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What are the private student loan borrowing requirements?

There are requirements to get approved for a private student loan, but the process doesn't have to be difficult.  Getty Images

There's no denying the fact that a higher education can open the door to a higher income. According to the United States Social Security Administration, men with a bachelor's degree earn about $900,000 more over their lifetime than men with a high school diploma, while women with a bachelor's degree earn an average of $630,000 more than women with a high school diploma. 

So, even with education costs on the rise, a college degree is typically a wise investment. Student loans give you the ability to make an investment in your education today and pay for that investment in the future — usually when you're making more money. And, while there are both private and federal student loan options, there are a few reasons why it could make sense to choose private student loans over federal options

For example, you may not qualify for a federal student loan because your parents earn too much money, you may have borrowed the maximum amount of money they allow or there could be another reason these loans simply don't work in your situation. In these cases, private student loans may be an effective alternative. But you'll have to meet borrowing requirements to borrow money with a private student loan. So, what are the borrowing requirements you'll need to meet to qualify for a private student loan?

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What are the private student loan borrowing requirements?

As mentioned above, you'll need to meet qualification requirements to take advantage of a private student loan. Here are the requirements you'll likely need to meet to get approved: 

Educational requirements

Student loans are designed to help you cover the cost of a higher education. That means you'll typically need to pursue a degree or certificate to qualify for them, but that's not true in all cases. 

For example, while you'll need to attend an accredited school to qualify for a federal student loan, that may not be the case for private loans, though it depends on the lender. So, you might be able to qualify for a private student loan even if you want to enroll in an unaccredited or non-degree program.   

Apply for a private student loan now to take your education to the next level

Income requirements

Your income will also likely play a role in your ability to qualify for a student loan. After all, lenders want to know that even if you don't achieve your desired degree, you have enough income to pay the loan back. For example, Earnest requires you to earn at least $35,000 per year to qualify for their student loans. However, some lenders may offer student loan approvals to applicants with lower incomes.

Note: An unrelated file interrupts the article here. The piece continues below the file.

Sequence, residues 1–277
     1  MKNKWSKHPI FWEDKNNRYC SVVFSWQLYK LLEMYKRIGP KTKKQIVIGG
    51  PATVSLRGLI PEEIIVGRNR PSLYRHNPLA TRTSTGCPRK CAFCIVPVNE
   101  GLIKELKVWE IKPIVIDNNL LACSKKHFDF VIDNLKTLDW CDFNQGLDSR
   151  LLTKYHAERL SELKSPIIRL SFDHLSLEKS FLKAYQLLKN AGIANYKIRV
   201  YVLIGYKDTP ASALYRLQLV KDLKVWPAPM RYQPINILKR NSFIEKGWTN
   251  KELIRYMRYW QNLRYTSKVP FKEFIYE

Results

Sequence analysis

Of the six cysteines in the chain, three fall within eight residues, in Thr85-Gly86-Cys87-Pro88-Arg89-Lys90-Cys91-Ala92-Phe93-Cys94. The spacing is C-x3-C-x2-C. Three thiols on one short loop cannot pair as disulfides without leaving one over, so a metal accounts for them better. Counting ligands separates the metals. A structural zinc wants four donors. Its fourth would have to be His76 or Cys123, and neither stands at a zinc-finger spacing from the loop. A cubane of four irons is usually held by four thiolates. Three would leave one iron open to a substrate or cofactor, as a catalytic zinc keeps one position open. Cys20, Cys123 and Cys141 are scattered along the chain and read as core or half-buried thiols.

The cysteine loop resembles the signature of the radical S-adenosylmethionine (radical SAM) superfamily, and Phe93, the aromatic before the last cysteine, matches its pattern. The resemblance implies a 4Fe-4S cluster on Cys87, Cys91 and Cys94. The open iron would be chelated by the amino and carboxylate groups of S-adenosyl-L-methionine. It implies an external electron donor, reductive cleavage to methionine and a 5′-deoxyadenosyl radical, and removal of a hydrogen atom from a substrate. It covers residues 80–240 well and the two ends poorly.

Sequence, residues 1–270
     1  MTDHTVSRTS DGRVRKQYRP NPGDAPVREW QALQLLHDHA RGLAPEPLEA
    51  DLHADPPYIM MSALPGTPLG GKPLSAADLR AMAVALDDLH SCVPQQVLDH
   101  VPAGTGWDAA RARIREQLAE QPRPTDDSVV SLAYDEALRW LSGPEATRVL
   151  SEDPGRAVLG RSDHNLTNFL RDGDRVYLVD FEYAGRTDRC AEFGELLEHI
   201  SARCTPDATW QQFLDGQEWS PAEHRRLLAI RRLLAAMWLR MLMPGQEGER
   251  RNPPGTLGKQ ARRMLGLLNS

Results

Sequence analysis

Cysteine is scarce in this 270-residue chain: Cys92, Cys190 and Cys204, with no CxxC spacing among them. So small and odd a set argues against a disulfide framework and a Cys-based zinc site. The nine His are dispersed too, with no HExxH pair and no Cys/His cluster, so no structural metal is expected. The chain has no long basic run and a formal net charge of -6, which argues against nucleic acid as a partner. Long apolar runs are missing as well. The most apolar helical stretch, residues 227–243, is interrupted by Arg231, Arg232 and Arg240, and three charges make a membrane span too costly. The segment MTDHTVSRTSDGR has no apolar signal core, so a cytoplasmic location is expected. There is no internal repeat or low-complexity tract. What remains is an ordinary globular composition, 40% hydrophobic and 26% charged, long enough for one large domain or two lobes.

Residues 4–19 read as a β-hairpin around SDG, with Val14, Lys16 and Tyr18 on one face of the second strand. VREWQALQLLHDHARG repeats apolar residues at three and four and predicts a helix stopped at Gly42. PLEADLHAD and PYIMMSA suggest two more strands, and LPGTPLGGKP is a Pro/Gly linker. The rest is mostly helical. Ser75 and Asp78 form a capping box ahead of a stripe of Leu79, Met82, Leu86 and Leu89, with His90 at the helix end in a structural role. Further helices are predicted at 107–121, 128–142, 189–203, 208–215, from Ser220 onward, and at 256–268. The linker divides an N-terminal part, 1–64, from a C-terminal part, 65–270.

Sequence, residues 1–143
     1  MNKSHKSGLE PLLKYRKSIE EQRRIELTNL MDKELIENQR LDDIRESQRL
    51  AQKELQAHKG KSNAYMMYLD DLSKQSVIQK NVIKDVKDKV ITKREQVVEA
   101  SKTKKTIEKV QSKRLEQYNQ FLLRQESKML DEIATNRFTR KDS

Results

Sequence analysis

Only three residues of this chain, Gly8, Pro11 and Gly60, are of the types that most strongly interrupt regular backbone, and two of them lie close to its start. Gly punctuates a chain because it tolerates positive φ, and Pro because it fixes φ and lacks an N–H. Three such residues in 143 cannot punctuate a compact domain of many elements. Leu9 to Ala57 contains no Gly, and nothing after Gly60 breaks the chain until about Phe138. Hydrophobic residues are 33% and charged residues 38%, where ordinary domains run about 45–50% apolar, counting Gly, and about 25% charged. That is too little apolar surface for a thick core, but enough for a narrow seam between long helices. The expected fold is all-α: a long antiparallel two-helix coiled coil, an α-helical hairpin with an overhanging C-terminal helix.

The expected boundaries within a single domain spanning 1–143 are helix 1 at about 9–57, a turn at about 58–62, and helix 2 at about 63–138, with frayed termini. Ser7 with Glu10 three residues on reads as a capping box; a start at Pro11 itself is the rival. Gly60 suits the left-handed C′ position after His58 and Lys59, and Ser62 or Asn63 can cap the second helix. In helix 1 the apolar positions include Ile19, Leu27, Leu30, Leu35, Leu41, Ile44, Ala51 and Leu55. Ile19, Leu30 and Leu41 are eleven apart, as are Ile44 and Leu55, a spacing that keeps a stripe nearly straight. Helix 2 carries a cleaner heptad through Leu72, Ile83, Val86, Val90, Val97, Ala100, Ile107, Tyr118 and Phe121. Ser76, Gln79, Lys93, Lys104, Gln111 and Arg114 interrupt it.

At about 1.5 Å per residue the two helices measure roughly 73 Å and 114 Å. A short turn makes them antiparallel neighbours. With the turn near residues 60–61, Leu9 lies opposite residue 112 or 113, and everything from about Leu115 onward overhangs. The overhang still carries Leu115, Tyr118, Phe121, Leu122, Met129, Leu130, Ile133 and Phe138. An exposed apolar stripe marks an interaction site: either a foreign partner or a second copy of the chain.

Credit score requirements

As with most other loans, your credit score will likely play a major role in your ability to access a private student loan. You'll typically need a 620 or higher credit score to qualify for a private student loan, though there may be options for borrowers with bad credit

However, your credit score isn't just a qualification requirement; it's also a primary factor in your private student loan cost. Higher credit scores typically equate to lower interest rates, and even a small reduction in interest can result in thousands of dollars in interest savings over the life of your student loan. 

So, even if you meet the minimum credit requirements, it may be wise to take steps to improve your score before you apply for a private student loan. 

Age and citizenship requirements

While it varies by lender, you'll typically need to either be a citizen or permanent resident of the United States who is at least 18 years old (or 19 in certain states) to qualify for a private student loan. It's worth noting, though, that some lenders will have specific age requirements for borrowers. 

Some lenders may also offer loans to non-citizens or international students, but you could need to meet other requirements, like having a cosigner, to qualify. 

What if you don't qualify for a private student loan?

If you don't qualify for a student loan on your own, there are a few things you can do to gain access to the money you need to further your education: 

  • Get a cosigner: Consider asking your parents, grandparents, or spouse to cosign your application with you. If your cosigner meets the borrowing requirements, they may be the key to approval.  
  • Improve your credit score: If your credit score is holding you back from loan approval, consider taking steps to improve it. Make an effort to settle any past-due debts you have and make all future payments on time. If you have a limited credit history, consider opening a secured credit card to start building a credit history. 
  • Increase your income: If your income is holding you back, it may help to increase it. Consider asking for a raise or working a side gig to earn more money.   

The bottom line

A college education can significantly increase your earning potential over your lifetime. So, it may be worth taking out a private student loan to access the money you need to pay for your education. And, if you don't qualify for the loan you're looking for, consider taking the steps above to improve your chances of approval. 

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